ABOUT THE PROGRAM
What is TCinGC?
Technology Consulting in the Global Community (TCinGC) is a student consulting program run by Carnegie Mellon University. Over our 16 year history, we have connected 133 student consultants with 50 different community organizations in 14 countries around the world.
We strive to make information technology an available and sustainable reality for everyone. We work towards this by creating partnerships between student consultants and local leaders in government ministries, nonprofits, hospitals, schools, businesses, NGOs, and other organizations that contribute to the social good.
Our student consultants are undergraduate and graduate students from Carnegie Mellon University specializing in a variety of tech fields including Information Systems, Computer Science, Engineering, Human Computer Interaction, and more. Our students come prepared with strong technical expertise and development skills, and are trained to work with you to achieve your goals.
For 10 weeks every summer, typically starting around the 3rd week of May, your TCinGC student consultant will collaborate with you to find solutions that will help your organization to use technology to solve a problem. Therefore, the student consultant will not be performing traditional work-for-hire services, and instead will be offering assistance in deploying Information Technology solutions in a jointly agreed-upon project, so that you both can learn from one another, share your expertise, and grow from the experience.
All of our technology solutions are intended to be sustainable: able to be managed and maintainable by your organization without the need for ongoing outside help. The solutions implemented in collaboration with the student consultants are developed with your organization's needs, abilities, and longevity in mind. Beyond that, we would love to keep working with your organization on the next problem year after year!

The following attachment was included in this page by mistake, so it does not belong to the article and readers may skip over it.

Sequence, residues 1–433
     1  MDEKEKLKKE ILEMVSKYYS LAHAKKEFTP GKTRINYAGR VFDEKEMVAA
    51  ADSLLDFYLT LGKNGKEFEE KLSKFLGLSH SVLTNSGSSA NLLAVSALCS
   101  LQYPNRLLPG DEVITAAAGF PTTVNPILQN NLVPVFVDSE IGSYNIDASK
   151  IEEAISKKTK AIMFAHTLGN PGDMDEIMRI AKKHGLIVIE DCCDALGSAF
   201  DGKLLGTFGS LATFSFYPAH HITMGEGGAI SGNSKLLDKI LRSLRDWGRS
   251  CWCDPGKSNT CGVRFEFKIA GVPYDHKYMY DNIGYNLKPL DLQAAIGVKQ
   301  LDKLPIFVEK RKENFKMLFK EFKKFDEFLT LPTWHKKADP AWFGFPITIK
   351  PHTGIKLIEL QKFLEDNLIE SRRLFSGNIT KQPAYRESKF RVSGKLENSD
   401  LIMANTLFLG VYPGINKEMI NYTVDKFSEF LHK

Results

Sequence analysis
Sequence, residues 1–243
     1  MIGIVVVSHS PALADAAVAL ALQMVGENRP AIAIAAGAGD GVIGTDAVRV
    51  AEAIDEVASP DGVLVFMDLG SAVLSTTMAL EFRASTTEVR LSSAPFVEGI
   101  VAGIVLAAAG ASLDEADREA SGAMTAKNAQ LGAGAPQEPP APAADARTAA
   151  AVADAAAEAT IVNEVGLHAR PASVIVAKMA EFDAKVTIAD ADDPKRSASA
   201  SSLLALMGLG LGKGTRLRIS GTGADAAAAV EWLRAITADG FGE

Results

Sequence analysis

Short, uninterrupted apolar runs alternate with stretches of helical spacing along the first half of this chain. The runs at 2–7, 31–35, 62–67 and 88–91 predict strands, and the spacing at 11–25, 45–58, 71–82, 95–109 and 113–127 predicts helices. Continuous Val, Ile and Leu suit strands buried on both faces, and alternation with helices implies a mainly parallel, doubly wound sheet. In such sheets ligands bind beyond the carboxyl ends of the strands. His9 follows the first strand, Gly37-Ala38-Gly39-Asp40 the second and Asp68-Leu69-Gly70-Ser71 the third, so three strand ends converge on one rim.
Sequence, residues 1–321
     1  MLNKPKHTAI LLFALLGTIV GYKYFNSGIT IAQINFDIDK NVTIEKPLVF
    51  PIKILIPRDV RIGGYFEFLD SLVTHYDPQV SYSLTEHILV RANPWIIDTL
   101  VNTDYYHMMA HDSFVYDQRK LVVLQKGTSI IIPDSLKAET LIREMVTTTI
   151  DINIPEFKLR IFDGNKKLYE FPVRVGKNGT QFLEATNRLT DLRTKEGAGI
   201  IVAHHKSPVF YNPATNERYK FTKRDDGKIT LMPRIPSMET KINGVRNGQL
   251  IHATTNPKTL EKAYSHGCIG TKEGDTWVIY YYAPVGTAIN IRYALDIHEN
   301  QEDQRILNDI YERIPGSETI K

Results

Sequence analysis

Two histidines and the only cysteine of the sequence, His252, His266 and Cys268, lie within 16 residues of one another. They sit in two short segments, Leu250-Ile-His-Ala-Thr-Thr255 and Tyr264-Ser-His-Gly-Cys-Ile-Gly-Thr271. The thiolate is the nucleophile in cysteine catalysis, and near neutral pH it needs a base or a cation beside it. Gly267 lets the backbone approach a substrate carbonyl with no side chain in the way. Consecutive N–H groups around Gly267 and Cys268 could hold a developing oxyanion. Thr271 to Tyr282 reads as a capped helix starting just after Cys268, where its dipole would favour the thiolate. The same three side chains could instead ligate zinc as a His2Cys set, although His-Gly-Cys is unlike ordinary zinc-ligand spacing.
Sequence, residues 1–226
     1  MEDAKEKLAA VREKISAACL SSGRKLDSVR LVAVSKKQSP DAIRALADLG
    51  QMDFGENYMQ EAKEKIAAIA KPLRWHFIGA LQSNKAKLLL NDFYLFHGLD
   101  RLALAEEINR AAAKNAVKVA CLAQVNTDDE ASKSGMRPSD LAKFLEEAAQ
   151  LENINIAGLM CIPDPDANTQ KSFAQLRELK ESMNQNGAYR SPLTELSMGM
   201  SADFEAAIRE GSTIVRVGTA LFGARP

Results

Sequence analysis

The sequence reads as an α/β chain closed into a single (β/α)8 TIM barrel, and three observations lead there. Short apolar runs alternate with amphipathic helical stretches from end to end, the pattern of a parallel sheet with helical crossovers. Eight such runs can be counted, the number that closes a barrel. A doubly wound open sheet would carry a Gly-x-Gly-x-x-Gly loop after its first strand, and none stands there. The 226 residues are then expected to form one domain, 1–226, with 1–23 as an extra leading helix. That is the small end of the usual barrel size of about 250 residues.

What is our Goal?
What is a Student Consultant?
What happens after?
Do I have to keep working with TCinGC to use the technology?
What does Partnering Mean?
We Believe Everyone Deserves Access To
Is your organization a school, government ministry, hospital, business, or other community based organization that contributes to the social good?
Do you hold a leadership role, either administratively or programmatically, within this organization?
Does your organization have computers, Internet access, and the basic ICT infrastructure that you want to build and develop further?
Are you and/or your staff interested in developing, using, and maintaining technology-based solutions?
If you answered YES to these questions, then you are
ELIGIBLE to be a TCinGC Global Partner!
We ask that our Global Partners are able to:
Commit at least 3 hours a week of personal work time to working with your student consultant throughout their 10 week stay.
Share information about your organization with your student consultant.
Read project reports prepared by your student consultant and give prompt feedback.